Establish cloud support and escalation processes

Last reviewed 2023-06-16 UTC

This document in the Google Cloud Architecture Framework shows you how to define an effective escalation process. Establishing support from your cloud provider or other third-party service providers is a key part of effective escalation management.

Google Cloud provides you with various support channels, including live support or through published guidance such as developer communities or product documentation. An offering from Cloud Customer Care ensures you can work with Google Cloud to run your workloads efficiently.

Establish support from your providers

Purchase a support contract from your cloud provider or other third-party service providers. Support is critical to ensure the prompt response and resolution of various operational issues.

To work with Google Cloud Customer Care, consider purchasing a Customer Care offering that includes Standard, Enhanced, or Premium Support. Consider using Enhanced or Premium Support for your major production environments.

Define your escalation process

A well-defined escalation process is key to reducing the effort and time that it takes to identify and address any issues in your systems. This includes issues that require support for Google Cloud products or for other cloud producers or third-party services.

To create your escalation path:

  • Define when and how to escalate issues internally.
  • Define when and how to create support cases with your cloud provider or other third-party service provider.
  • Learn how to work with the teams that provide you support. For Google Cloud, you and your operations teams should review the Best practices for working with Customer Care. Incorporate these practices into your escalation path.
  • Find or create documents that describe your architecture. Ensure these documents include information that is helpful for support engineers.
  • Define how your teams communicate during an outage.
  • Ensure that people who need support have appropriate levels of support permissions to access the Google Cloud Support Center, or to communicate with other support providers. To learn about using the Google Cloud Support Center, visit Support procedures.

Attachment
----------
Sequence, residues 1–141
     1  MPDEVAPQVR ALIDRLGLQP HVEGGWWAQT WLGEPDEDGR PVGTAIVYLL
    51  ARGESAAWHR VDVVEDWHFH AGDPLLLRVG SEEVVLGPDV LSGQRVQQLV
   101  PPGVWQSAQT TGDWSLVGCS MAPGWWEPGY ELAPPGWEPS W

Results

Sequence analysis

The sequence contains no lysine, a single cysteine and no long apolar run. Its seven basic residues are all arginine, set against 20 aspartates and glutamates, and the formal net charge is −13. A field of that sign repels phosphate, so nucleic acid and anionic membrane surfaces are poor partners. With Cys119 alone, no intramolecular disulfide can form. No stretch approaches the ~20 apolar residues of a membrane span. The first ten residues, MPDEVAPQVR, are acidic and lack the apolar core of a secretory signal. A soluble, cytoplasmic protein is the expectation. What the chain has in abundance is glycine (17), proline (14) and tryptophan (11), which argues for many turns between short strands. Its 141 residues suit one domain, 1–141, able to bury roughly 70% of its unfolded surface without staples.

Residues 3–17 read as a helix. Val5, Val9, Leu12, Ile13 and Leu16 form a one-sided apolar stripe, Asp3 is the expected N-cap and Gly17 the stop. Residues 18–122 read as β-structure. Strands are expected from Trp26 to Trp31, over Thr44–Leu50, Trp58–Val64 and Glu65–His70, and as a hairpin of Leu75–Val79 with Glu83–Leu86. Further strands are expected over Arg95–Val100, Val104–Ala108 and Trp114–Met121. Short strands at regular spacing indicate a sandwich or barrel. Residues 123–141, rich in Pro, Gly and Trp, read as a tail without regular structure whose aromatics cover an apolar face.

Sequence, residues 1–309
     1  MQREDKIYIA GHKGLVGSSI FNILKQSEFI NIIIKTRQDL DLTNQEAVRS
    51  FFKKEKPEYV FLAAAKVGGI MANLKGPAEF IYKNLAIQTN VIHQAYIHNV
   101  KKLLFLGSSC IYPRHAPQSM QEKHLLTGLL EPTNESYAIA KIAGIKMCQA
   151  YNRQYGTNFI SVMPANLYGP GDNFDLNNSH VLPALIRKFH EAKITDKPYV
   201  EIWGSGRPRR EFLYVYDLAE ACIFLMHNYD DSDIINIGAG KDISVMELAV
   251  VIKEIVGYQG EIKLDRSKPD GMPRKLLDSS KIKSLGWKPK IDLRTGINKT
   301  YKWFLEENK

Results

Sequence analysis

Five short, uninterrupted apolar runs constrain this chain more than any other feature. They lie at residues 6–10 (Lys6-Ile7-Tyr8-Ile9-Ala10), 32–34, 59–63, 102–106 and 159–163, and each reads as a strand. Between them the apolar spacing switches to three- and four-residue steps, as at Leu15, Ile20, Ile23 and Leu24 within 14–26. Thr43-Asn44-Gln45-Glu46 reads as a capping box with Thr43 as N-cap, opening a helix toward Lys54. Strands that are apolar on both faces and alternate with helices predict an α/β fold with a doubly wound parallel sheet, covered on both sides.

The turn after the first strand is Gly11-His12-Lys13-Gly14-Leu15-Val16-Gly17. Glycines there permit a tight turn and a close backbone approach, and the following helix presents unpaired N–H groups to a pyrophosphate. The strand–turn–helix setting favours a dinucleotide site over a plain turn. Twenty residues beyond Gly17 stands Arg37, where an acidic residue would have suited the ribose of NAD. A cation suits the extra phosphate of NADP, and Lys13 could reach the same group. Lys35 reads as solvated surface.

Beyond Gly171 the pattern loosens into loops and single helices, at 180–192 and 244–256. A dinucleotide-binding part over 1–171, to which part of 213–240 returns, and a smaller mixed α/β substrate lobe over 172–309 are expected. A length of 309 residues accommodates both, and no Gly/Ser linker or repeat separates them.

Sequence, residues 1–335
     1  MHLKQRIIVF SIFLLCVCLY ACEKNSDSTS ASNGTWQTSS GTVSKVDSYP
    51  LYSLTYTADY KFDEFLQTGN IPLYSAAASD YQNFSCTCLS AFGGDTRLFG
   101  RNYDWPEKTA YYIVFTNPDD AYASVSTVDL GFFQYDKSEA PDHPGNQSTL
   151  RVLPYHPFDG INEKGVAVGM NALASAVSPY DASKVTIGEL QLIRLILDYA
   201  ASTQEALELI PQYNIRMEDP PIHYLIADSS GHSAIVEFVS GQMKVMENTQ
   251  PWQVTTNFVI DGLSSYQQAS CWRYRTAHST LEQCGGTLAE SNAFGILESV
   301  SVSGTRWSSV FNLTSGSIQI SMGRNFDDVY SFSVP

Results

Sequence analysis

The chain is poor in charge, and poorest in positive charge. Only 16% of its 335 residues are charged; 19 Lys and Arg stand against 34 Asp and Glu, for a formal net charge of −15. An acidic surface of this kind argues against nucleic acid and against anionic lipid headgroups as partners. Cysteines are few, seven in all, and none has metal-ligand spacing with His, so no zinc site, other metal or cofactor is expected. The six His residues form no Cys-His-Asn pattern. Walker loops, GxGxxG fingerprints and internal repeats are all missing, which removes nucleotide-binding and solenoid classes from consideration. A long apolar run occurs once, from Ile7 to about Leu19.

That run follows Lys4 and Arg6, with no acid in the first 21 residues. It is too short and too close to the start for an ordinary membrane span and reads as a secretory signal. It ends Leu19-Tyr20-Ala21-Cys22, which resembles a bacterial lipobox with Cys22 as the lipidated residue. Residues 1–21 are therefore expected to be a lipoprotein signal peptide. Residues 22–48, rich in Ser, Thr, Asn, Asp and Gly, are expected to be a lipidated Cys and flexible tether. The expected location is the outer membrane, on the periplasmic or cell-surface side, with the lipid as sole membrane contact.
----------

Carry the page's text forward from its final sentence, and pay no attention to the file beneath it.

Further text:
• Set up monitoring, alerting, and logging so that you have the information needed to act on when issues arise.
  • Create templates for incident reporting. For information to include in your incident reports, see Best practices for working with Customer Care.
  • Document your organization's escalation process. Ensure that you have clear, well-defined actions to address escalations.
  • Include a plan to teach new team members how to interact with support.

Regularly test your escalation process internally. Test your escalation process before major events, such as migrations, new product launches, and peak traffic events. If you have Google Cloud Customer Care Premium Support, your Technical Account Manager can help review your escalation process and coordinate your tests with Google Cloud Customer Care.

Ensure you receive communication from support

Ensure that your administrators are receiving communication from your cloud providers and third-party services. This information allows admins to make informed decisions and fix issues before they cause larger problems. Ensure that the following are true:

  • Security, network, and system administrators are set up to receive critical emails from Google Cloud and your other providers or services.
  • Security, network, and system administrators are set up to receive system alerts generated by monitoring tools, like Cloud Monitoring.
  • Project owners have email-routable usernames so that they can receive critical emails.

For information about managing notifications from Google Cloud, see Managing contacts for notifications.

Establish review processes

Establish a review or postmortem processes. Follow these processes after you raise a new support ticket or escalate an existing support ticket. As part of the postmortem, document the lessons learned and track mitigations. As you do this review, foster a blameless postmortem culture.

For more information about postmortems, see Postmortem Culture: Learning from Failure.

Build centers of excellence

It can be valuable to capture your organization's information, experience, and patterns in an internal knowledge base, such as a wiki, Google site, or intranet site. As new products and features are continually being rolled out in Google Cloud, this knowledge can help track why you chose a particular design for your applications and services. For more information, see Architecture decision records.

It's also a good practice to nominate Google Cloud experts and champions in your organization. A range of training and certification options are available to help nominated champions grow in their area of expertise. Teams can stay up to date on the latest news, announcements, and customer stories by subscribing to the Google Cloud blog.

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